Bridge of Sighs by Richard Russo / Dustin Rowles
Book Reviews | November 6, 2007 | Comments ()
If you’ve read one Richard Russo novel, you’ve essentially read them all. And while that might seem like an insult to a lesser author (or Coldplay), Russo’s books are like your favorite meal — you can eat it twice a week until you’re gumming it in your old age and never tire of it. Russo’s novels, like an Altman film, are comfortably meandering — you don’t know where you’re going and you don’t really care; it’s enough that you’re riding in a sidecar with Russo’s calm, restful voice. I’ve read everything Russo has ever written, but I don’t think I could tell you which character, setting, or plotline belongs to which book. In fact, but for the surprising end of Empire Falls, there are no situations in his oeuvre that I can even vividly recollect. They are all about salt-of-the earth blue-collar characters (though, Straight Man, I believe, concerns salt-of-the-earth academics), who live in small, interchangeable dying one-industry towns in the Northeast and who are experiencing family problems. All the major characters tend speak idiomatically, but they are never clichéd, and you could trade characters from one novel to another like baseball cards, but I doubt it do much to dampen the sprawling enjoyment. And, since all his novels are 500 or 600 pages long, it’s a reading experience you can draw out for days or weeks; there’s never any hurry to get to the end — one page is just as easy-going and rich as another.
Russo’s latest, A Bridge of Sighs, takes place in Thomaston, N.Y., a town dying decades after the big-metaphor, cancer-causing tannery has left town. The novel’s main character is Lou “Lucy” Lynch, a 60-year-old man indefatigably set in his ways who is about to embark on a trip to Europe with his junior-high sweetheart and wife, Sarah. Lucy owns and operates three convenience stores in Thomaston, and is readying himself to hand them — his life’s accomplishments — over to his son, Owen, who is experiencing marital difficulties. But before he heads to Italy, Lucy — another one of Russo’s fascinatingly dull characters — decides to chronicle his memoirs, to stand in both as a history of himself and of the town.
It starts with his parents: Lucy’s father, Big Lou, was a genial, trusting-to-a-fault milkman who loses his job to small-town evolution (and an A & P grocery store) and takes the biggest — and only — risk of his life when he mortgages his house to buy a failing corner store, which itself is on the verge of shuttering its doors, thanks again to that damned A & P. Lucy’s mother is a less-trusting, shrewd woman who is also the novel’s major source of wisdom (predictably, the elder matrons in Russo’s book also tend to be the most sage). As a middle-schooler, the one event that seems to shape Lucy’s life the most is the time that a group of bullies took him out in the middle of the woods near a bridge and locked him in a wooden crate near a railroad trestle — the ordeal becomes responsible for the spells that plague Lucy for the rest of his life.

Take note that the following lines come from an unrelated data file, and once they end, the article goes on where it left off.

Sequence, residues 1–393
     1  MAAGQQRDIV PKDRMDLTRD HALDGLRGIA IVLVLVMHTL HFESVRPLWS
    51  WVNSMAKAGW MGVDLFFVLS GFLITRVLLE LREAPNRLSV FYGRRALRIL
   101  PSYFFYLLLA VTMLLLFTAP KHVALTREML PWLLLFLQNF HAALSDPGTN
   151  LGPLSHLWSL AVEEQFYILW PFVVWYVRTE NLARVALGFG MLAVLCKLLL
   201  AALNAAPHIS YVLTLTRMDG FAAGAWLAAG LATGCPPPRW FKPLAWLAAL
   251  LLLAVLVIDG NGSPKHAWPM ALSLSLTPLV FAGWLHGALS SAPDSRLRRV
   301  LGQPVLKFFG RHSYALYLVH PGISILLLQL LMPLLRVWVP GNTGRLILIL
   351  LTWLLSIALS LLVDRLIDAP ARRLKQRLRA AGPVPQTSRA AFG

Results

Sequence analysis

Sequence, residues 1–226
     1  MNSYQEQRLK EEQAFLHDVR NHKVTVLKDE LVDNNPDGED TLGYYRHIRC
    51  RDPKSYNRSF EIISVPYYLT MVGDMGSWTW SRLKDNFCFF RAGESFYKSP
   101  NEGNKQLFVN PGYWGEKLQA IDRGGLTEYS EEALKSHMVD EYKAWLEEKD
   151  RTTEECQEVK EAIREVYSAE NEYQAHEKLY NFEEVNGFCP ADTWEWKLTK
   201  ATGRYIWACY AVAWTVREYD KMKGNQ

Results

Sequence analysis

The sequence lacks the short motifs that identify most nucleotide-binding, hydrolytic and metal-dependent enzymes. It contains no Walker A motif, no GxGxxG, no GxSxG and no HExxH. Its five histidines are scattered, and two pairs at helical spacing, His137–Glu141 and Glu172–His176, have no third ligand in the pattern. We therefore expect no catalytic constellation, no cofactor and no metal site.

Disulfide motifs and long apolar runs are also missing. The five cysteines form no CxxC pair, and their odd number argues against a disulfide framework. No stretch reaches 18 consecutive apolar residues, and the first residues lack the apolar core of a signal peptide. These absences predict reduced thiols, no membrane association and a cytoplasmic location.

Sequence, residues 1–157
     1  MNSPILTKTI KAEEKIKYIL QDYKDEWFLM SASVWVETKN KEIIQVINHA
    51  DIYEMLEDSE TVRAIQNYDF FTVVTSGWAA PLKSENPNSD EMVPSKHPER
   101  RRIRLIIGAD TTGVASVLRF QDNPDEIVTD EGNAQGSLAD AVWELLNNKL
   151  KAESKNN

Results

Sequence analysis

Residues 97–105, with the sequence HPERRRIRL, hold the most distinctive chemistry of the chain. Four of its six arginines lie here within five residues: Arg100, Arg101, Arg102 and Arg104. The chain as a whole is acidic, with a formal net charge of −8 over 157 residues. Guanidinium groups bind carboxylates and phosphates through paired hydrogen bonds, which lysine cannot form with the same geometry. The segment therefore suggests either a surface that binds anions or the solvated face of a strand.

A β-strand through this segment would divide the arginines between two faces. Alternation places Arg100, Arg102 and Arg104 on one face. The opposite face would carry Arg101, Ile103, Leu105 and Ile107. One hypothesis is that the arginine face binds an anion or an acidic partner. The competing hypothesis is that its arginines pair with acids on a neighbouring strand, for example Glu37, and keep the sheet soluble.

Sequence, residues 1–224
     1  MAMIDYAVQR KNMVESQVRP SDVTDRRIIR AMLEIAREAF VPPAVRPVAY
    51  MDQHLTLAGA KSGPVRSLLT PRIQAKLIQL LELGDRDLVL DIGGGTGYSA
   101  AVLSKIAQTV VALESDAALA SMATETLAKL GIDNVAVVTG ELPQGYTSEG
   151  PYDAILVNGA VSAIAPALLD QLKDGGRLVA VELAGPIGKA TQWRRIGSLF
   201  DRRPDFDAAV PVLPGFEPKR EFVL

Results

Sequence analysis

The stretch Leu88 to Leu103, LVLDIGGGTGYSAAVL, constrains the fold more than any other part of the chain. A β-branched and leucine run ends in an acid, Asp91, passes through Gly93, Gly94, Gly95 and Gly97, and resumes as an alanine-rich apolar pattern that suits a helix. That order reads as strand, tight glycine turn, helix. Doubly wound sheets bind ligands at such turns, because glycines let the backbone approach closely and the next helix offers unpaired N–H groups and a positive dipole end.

Meanwhile, Lucy’s best friend, Bobby Marconi, is a philandering painter who escaped Thomaston and resides in Italy now; his accounts of growing up in Thomaston are far less fond. His father was an asshole, his mother was weak-willed and perpetually pregnant, and his friendship with Lucy was more of a burden than anything else. Bobby and Lucy’s relationship is tied together by their mutual love of Sarah, who eventually has to make a decision about who she wants to spend her life with — the safe or the sexy choice. There’s little mystery in who she chooses nor the reasons why she makes the decision, but that takes little away from the exploration of her motives. Unfortunately, the last few chapters — when an elderly black woman enters the story from stage what-the-fuck? — are slightly disappointing only in that they don’t naturally follow from many plot strands or take advantage of the array of colorful local characters already depicted, but it doesn’t detract much from the overall pleasure of reading another one of Russo’s gems.
And, a week after you put it down, it’ll all meld into the rest of Russo’s oeuvre — strong female characters; intricately woven plots; thoroughly explored father-son relationships; blue-collar struggle; effortless prose; and the one overriding theme in his entire body of work: the plight of small-town America. There aren’t many authors left writing about this bit of Americana, but with Russo, there’s little need for anyone else.
Dustin Rowles is the publisher of Pajiba. He lives with his wife and son in Ithaca, New York. You may email him, or leave a comment below.
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